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Former employee suing Amelia Clark, SRHD for discrimination and retaliation

Kyle Unland claims he was fired after he raised concerns with HR about being discriminated against because of his gender and race, as a white man, the lawsuit says.

SPOKANE, Wash — The controversy surrounding the firing of Spokane County Health Officer Dr. Bob Lutz has uncovered other possible issues within the Spokane Regional Health District.

Lutz said he was fired by SRHD Administrative Officer Amelia Clark on Thursday and he has been denied access to the health district building. He said he was also offered a severance package, which he’s refused.  Lutz said he plans to pursue all “available legal remedies” if the Spokane Board of Health votes to terminate his position.

Lutz isn’t the only former employee who’s contacted a lawyer about termination of their employment.

The Health District’s former Division Director of Health Promotion Kyle Unland filed a lawsuit on July 2, 2020, according to court documents. He claims he was fired after he raised concerns with human resources about being discriminated against because of his gender and race, as a white man, the lawsuit says.

Unland spoke with KREM 2's Amanda Roley about the lawsuit and what is happening to Lutz.

"I was really, really troubled to see what happened to him," he said. "You know as something that happened to me when I saw it, it's like, 'Wow that looks really familiar.'"

The lawsuit says Unland held his position since June 2010 where he oversaw more than 15 programs designed to reduce chronic diseases, managed a multi-million dollar budget, supervised more than 50 employees, and oversaw and wrote grants and funding proposals.

Unland was previously employed at the Washington State Department of Health Section Manager for nine years for the Nutrition, Physical Activity and Obesity Prevention Department, according to the suit. Overall, the lawsuit says Unland has 26 years of experience in public health.

According to the lawsuit, Unland submitted his application to a recruiting agency contracted by SRHD to recruit, select, interview and participate in the hiring decision to fill the vacant SRHD Administrative Officer position in May 2019.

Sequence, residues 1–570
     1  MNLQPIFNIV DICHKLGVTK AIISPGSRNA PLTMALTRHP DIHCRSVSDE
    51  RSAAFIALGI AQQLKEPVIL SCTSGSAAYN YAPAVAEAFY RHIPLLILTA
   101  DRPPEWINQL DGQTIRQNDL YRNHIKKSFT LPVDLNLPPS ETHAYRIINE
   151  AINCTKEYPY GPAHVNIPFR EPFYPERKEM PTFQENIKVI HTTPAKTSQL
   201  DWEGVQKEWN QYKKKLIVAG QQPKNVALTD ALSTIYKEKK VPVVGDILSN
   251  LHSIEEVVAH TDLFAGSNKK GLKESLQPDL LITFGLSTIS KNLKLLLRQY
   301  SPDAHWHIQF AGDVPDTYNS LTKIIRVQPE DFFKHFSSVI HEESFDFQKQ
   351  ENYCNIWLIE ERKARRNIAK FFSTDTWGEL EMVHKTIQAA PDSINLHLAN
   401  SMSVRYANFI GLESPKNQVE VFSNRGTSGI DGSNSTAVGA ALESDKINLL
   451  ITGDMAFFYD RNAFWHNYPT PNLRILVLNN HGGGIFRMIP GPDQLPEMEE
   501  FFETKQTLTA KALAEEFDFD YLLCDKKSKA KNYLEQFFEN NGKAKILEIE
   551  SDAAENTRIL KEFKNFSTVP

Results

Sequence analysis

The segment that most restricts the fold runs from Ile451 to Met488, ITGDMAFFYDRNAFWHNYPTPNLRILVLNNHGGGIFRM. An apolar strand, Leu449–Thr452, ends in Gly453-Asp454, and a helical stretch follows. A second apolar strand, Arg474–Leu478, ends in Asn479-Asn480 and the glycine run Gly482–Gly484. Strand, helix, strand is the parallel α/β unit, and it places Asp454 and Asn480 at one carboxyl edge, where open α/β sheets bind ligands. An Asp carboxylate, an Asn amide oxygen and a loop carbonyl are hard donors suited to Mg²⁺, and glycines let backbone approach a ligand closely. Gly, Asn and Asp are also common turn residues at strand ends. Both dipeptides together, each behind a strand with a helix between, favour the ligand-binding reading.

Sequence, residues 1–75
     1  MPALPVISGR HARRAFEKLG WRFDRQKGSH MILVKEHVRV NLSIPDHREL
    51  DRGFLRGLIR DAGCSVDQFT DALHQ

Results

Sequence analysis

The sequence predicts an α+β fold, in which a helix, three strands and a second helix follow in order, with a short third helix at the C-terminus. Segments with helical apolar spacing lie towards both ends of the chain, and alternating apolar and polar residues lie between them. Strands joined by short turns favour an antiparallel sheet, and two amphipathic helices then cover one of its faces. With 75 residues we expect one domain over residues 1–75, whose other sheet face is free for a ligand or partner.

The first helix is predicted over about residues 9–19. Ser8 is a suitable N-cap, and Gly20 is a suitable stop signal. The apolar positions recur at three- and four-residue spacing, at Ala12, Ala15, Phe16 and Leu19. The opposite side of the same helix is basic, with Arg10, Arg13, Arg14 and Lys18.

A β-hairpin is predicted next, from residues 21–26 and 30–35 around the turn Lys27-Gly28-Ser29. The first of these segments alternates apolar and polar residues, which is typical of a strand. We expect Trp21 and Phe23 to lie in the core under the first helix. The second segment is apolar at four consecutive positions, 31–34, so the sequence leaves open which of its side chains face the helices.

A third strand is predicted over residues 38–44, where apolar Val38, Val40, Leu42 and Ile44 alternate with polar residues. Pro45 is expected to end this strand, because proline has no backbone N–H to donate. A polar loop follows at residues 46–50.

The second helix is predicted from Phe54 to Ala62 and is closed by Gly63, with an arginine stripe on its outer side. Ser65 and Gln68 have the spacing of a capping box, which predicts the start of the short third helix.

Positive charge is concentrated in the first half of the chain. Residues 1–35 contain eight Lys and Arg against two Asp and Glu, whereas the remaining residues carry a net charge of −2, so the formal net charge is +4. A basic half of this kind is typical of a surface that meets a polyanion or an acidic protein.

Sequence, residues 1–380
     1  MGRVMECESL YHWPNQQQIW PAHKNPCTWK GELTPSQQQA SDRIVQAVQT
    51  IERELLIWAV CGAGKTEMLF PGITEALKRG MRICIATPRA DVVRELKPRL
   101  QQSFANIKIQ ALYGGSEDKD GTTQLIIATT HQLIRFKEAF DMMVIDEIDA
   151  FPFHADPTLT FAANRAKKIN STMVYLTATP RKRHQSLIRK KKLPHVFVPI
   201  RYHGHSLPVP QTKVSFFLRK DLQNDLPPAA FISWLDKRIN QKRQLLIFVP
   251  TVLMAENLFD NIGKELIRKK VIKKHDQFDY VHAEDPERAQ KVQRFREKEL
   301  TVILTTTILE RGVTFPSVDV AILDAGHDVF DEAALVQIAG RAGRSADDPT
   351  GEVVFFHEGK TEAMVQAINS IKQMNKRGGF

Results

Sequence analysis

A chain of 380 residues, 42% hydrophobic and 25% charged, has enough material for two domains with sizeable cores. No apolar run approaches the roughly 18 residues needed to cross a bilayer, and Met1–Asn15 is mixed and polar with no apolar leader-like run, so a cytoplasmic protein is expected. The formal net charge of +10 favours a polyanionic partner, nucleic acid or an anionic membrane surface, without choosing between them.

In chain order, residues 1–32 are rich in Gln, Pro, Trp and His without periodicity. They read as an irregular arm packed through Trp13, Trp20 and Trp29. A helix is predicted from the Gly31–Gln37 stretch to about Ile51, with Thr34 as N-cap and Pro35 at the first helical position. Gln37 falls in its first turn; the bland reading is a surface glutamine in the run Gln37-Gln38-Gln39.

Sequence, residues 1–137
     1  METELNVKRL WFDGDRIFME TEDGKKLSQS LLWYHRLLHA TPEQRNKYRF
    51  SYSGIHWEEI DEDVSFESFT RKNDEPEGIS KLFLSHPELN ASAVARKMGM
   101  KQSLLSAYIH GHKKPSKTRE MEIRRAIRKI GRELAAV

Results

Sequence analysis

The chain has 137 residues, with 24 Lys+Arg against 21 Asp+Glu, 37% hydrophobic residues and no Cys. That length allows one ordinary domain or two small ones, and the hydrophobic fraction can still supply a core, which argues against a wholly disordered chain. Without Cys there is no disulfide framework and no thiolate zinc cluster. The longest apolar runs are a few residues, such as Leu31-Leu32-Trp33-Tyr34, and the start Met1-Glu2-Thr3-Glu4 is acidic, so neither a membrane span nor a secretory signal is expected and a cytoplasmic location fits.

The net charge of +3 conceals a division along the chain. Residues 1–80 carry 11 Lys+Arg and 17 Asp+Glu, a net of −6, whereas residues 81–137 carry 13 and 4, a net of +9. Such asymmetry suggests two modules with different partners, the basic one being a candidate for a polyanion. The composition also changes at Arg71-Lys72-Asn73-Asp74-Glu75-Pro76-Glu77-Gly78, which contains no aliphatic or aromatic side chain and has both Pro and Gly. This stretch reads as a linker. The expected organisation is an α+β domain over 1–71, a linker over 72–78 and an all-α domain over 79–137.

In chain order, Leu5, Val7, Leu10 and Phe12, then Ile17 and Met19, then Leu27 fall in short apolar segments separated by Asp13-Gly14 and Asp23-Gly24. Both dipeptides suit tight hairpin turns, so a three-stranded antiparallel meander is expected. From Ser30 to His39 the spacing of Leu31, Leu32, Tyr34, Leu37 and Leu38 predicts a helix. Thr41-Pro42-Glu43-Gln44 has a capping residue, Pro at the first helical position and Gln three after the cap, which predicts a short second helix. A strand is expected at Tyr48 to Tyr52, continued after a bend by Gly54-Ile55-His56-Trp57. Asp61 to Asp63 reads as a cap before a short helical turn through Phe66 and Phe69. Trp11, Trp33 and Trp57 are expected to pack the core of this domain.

Unland was among seven applicants selected for interviews with the SRHD Board of Health selection committee, according to lawsuit. On June 27, 2019, Unland attended a SRHD Board of Health meeting and learned the top four candidates for the position had been invited to in-person interviews with the committee while he was out of town on SRHD business, the lawsuit says.

The lawsuit claims Unland was not selected for the final interviews because he is a white man. The suit also claims Unland was the best qualified candidate to fill the position.

According to the lawsuit, the final four candidates included three women and a Hispanic man. Only one of the women had experience working for a public health agency and the man had zero years of health experience, the lawsuit says. Three candidates who were not selected for the final four interviews were white men with numerous years of experience working for public health agencies, according to the lawsuit.

On Aug. 9, 2019, the lawsuit says Unland learned through email that Amelia Clark had been chosen for the administrative officer position and had no experience working in a public health agency. The lawsuit says Clark doesn’t have a college degree in health sciences or public health administration.

According to the lawsuit, Unland met with the SRHD human resources director on Jan. 31, 2020 and told her he felt he was discriminated against in the selection process. The HR director told Unland she would bring his concerns to the attention of the SRHD attorney and would get back in touch with him, the suit says.

The lawsuit says the HR director notified Clark about the discussion and she later notified Ben Wick, the Chairman of the SRHD Board of Health, about Unland’s complaints.

Less than two hours after Unland’s discussion with human resources, the lawsuit says Clark sent out an email announcing that she had decided to change the timeline for “action steps for the organizational structure.”

On Feb. 4, 2020, Unland was called into a meeting with Clark and HR where he was told he was being laid-off with pay until Feb. 14 and that his job had been eliminated due to reorganization, according to the lawsuit. During the meeting, Clark show Unland the new organizational chart she had drafted which moved his responsibilities to another division and showed four vacancies on the managerial/executive leadership team, the lawsuit says.

The lawsuit says Unland asked Clark if he could fill the newly created and vacant position of Associate Director of Community and Family Programs. Clark said the new positions were reserved for less experienced employees for the succession planning efforts of the agency, the lawsuit says.

The lawsuit claims Unland was escorted out of the SRHD building without an opportunity to clear out his personal belongings.

In April 2020, the lawsuit says SRHD and Clark selected a younger woman to fill the Associate Director of Community and Family Programs.

The lawsuit asks for a jury trial and for SRHD to pay for special damages of lost wages, benefits and out of pocket expenses in an amount proven at trial.

SRHD’s and Clark’s lawyer filed a response denying the allegations on July 22 saying, “Defendants’ treatment of Plaintiff was at all times for valid, lawful reasons unrelated to his age, gender, race or alleged participation in protected activity.”   

KREM 2 reached out to SRHD for comment but have not heard back.

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